Standing to speak in the House of Representatives for the first time on Thursday, Helen Haines labelled herself a "defiant optimist".
More than 200 supporters in the public gallery cheered loudly for the new Indi MP, as she removed her black jacket to reveal a striking orange scarf and begin her maiden speech.
She talked about her background, motivation for getting into politics and made a strong stance on climate change, asylum seekers and constitutional recognition of Aboriginal people.
"We are experiencing extreme summer heat, less reliable autumn breaks, reduced winter and spring rainfall and decreased snow cover. We may well see the complete loss of the Victorian Alpine zone this century. Our physical and mental health is being impacted," she said.
"The evidence is clear that we are facing a climate change crisis.
"We are also presented with a once in a generation opportunity for regional Australia to lead the way in the development of renewable energy and to prosper from new economic opportunities ... We need to get on with it."
Dr Haines said she is proud to be one of 132 women to stand as a federal MP (out of 1202 in total) but there needs to be an equal representation of women.
She also paid tribute to the "new power" driven by Voices for Indi.
"It should come as no surprise that the rural communities of Indi have also been seen with a powerful orange glow in the last three federal elections," she said.
A quote from Florence Nightingale - "how very little can be done under the spirit of fear" - started the MP's comments on immigration policies.
"Australians are left asking the simple question of who are we as a country?" Dr Haines said.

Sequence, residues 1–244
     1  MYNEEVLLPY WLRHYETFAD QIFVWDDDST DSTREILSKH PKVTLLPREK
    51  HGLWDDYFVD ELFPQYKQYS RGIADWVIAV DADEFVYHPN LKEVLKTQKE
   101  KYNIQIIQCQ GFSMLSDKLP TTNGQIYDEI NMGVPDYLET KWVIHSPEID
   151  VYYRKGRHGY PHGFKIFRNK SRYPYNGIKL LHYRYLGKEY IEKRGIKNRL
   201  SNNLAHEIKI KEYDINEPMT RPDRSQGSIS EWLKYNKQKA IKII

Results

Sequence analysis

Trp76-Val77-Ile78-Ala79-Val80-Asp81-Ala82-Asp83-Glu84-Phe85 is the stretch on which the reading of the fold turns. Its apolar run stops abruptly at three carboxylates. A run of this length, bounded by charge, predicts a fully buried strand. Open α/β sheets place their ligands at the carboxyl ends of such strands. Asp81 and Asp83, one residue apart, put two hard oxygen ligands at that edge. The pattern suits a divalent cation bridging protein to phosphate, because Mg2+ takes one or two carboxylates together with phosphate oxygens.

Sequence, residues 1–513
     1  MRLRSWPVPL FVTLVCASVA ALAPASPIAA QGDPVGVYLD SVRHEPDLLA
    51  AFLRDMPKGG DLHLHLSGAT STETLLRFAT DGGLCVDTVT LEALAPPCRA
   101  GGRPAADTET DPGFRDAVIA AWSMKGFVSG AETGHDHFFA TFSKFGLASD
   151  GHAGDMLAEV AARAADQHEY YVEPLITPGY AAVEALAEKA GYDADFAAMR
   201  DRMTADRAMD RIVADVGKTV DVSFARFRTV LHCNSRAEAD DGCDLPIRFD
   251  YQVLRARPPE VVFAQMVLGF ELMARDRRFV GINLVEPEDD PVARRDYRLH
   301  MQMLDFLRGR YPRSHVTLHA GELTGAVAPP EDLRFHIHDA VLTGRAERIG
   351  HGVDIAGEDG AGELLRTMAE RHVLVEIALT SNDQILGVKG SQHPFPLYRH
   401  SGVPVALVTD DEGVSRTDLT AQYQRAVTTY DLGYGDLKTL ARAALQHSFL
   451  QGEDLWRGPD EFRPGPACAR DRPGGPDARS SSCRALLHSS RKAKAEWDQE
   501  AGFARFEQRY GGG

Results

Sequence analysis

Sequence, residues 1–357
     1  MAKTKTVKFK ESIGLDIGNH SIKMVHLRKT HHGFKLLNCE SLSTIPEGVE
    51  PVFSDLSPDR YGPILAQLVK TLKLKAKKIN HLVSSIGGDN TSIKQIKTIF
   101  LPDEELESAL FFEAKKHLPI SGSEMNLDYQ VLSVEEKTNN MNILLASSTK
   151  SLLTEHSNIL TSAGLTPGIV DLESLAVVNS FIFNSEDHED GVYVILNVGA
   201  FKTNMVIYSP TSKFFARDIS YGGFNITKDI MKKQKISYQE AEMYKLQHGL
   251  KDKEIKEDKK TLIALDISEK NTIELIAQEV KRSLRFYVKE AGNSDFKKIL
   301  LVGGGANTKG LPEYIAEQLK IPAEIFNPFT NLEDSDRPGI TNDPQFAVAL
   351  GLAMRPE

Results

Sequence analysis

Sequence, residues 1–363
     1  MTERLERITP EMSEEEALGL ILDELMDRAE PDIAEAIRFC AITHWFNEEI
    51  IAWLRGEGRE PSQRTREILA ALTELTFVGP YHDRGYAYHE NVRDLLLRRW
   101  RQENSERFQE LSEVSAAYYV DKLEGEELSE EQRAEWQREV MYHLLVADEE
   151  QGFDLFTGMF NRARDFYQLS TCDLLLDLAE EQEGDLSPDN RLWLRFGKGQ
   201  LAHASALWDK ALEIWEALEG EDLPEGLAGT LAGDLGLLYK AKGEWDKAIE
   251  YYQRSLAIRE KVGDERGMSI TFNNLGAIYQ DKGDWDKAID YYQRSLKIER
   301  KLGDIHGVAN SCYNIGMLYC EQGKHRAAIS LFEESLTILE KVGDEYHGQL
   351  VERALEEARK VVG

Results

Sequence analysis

"I bring the voices of so many people in my electorate who call for an end to the human suffering that is caused through indefinite detention of asylum seekers and refugees both on and offshore."
She told the story of her life leading up to politics, including moving from Melbourne to the North East for her now husband - "my sweetheart, the handsome Phil Haines".
The speech finished with a promise to serve Indi with "integrity, kindness and diligence" and a strong call for "voice, treaty and truth" in constitutional recognition for Aboriginal people.
Many had travelled to Canberra on buses that left early in the morning from Wodonga, Wangaratta, Beechworth and Benalla.
MPs in the chamber for the speech included Opposition Leader Anthony Albanese, Tanya Plibersek, Barnaby Joyce and all five fellow crossbenchers, but not Prime Minister Scott Morrison or Farrer MP Sussan Ley.
A familiar figure in the public gallery, wearing her signature orange jacket, was former Indi MP Cathy McGowan.
She smiled and waved as Dr Haines acknowledged her as "a mentor, a teacher and a friend".
Ms McGowan, crossbench MPs and some from the government such as Water Resources Minister David Littleproud joined Dr Haines and supporters in the courtyard for lunch and a chat after the speech.
The gold broach worn by Dr Haines during the speech was made by Rob Humphrey, a jeweller and supporter from Wangaratta.
It was modelled on the plastic orange cockatoo badges sold as a fundraiser during the election campaign, which became a symbol of the new orange army.
Mr Humphrey has a long-time connection with Dr Haines - she was the midwife who delivered his children - and he was one of the supporters to travel to Canberra.
"I know she's highly principled and she's got the same view on key policies that accord with me," he told The Border Mail.
"I've never been into Parliament before and I can now say that the only time I've been in the chamber, I was weeping. It was very moving, very stirring and historic."
Making the maiden speech meant Dr Haines was allowed to rise and speak on other issues in Parliament and she started immediately, addressing Social Services Minister Stuart Robert on Newstart.
"I, like many others in this place and a growing number of those on the government's side, support an increase," she said.
"When will the government increase the Newstart allowance and will the government consider suing a fairer index for future payments that better reflects the cost of essential goods and services?"
Mr Robert did not commit to raising the rate, saying the government's focus was on helping people move from welfare into work.
"The best form of welfare is a job," he said.